Next we opened up Briar.  Only 15% or so of the candy board was consumed. The bees were strong in numbers but no where near that of Willow.  This hive we inspected.  There was still a good amount of stored honey, pollen and some fresh nectar was being brought into the hive.  A few bees were loaded down with assorted shades of yellow pollen.  We did not see the queen, but it did not mean she was not there.  We did not see any brood either, but she may not be laying yet.  It is still early in the season here on Cape Cod.  This hive is strong as well.  So it too will need to be split later this spring.

Dead bees and hive debris after the cleaning. One live worker bee (center) scavenges for anything valuable to the hive.

On both hives, we did a bit of spring maintenance.
Please keep in mind this is a bit early for where I live but these efforts were taken to prevent swarming:

  • reversed the order of the two bottom deeps to help prevent swarming
  • cleaned the IPM ( Integrated Pest Management) boards that I kept in all winter long to help insulate the hive
  • kept the candy boards in place.  Will start feeding sugar syrup to Willow in a couple of weeks. No need to feed Briar, as they have plenty winter stores (honey) left.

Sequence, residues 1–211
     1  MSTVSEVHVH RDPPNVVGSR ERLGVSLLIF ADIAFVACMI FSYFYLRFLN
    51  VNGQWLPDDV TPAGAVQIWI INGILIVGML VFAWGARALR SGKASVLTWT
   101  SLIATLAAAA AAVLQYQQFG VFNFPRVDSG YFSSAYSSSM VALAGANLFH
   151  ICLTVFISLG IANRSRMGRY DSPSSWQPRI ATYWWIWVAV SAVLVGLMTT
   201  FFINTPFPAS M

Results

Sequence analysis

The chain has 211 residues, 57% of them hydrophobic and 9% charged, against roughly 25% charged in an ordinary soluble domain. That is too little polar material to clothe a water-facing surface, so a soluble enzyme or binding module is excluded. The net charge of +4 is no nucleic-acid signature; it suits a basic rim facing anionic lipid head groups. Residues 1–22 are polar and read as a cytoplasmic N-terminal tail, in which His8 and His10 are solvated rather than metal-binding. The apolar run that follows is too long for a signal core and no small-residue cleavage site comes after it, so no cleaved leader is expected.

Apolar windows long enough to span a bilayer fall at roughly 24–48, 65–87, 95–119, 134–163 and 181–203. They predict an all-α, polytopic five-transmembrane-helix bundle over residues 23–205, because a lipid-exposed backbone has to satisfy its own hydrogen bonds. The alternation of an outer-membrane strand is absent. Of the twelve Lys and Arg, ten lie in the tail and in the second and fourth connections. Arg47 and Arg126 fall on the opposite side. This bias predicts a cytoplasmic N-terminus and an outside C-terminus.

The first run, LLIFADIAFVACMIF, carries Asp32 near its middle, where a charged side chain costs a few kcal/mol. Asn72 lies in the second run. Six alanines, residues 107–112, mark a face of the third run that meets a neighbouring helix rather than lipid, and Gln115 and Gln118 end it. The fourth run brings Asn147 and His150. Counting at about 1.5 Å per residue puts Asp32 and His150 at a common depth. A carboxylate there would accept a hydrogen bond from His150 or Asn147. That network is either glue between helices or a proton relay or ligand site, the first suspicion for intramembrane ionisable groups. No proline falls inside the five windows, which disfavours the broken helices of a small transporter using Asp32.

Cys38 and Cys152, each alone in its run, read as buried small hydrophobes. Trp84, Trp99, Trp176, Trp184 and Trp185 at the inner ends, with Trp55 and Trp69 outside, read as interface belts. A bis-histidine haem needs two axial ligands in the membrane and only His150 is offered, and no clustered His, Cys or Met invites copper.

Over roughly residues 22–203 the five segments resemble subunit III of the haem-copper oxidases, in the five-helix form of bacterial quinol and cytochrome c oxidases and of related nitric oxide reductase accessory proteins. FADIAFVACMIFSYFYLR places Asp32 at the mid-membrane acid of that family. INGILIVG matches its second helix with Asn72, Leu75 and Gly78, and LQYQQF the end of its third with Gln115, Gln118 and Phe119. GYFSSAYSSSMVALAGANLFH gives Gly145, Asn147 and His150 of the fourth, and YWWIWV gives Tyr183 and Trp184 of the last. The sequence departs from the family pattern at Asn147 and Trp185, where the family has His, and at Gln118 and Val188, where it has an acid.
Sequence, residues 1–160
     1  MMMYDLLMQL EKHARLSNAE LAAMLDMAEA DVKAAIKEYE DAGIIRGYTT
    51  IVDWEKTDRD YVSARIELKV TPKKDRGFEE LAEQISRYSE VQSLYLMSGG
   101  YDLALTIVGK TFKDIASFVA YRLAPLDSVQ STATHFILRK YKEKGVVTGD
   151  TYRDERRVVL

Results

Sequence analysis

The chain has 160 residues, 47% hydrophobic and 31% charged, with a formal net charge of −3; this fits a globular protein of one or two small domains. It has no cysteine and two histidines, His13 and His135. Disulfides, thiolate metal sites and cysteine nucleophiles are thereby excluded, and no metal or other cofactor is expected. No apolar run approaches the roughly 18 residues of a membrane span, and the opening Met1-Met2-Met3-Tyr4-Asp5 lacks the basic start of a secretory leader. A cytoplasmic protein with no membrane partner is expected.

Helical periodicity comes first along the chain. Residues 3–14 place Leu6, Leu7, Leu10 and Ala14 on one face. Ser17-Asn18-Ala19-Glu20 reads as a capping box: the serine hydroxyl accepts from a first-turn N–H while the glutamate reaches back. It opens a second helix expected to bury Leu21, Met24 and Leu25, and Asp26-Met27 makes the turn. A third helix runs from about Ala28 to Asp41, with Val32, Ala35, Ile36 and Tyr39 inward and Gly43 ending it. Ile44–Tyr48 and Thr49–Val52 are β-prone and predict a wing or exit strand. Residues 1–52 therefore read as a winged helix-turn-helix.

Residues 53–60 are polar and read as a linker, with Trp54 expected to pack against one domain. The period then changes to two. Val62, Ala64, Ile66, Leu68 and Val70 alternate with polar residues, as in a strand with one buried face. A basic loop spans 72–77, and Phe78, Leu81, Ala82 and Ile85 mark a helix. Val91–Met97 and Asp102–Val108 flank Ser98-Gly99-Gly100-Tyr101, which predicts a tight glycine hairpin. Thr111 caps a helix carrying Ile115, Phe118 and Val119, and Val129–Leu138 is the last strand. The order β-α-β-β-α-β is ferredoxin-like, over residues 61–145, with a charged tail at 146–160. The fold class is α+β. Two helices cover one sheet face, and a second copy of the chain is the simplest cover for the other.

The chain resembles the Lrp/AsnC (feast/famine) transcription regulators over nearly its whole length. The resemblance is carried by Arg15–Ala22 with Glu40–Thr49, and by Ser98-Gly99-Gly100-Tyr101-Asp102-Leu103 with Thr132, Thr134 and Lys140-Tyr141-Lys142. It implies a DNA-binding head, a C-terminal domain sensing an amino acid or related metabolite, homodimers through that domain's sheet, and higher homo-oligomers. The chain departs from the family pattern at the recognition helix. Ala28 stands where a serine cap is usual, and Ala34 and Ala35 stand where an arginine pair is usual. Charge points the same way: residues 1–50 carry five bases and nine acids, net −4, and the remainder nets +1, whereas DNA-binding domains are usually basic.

• Cleaned the screened bottom boards
  • Scraped off excess propolis
  • Replaced older broken frames
  • Inspected both hives for the queen or signs of the queen
  • Added an extra deep to both hives that can be used later in May to make the splits.
So for now, all is well with both hives.  I am surprised that they have fared so well this winter in comparison to some of my fellow beekeepers.  My mentor tells me that my two hives are the strongest he has seen in two years after overwintering.  Wow!  He also thinks that I will be harvesting honey this summer.  I can’t wait.

It’s not pretty, but these borrowed deeps will help to make the splits in a few weeks.

Never trust used equipment. Be sure to always add new frames and foundation and torch the insides of the boxes-all the nooks and crannies- to prevent the transmission of diseases and pests.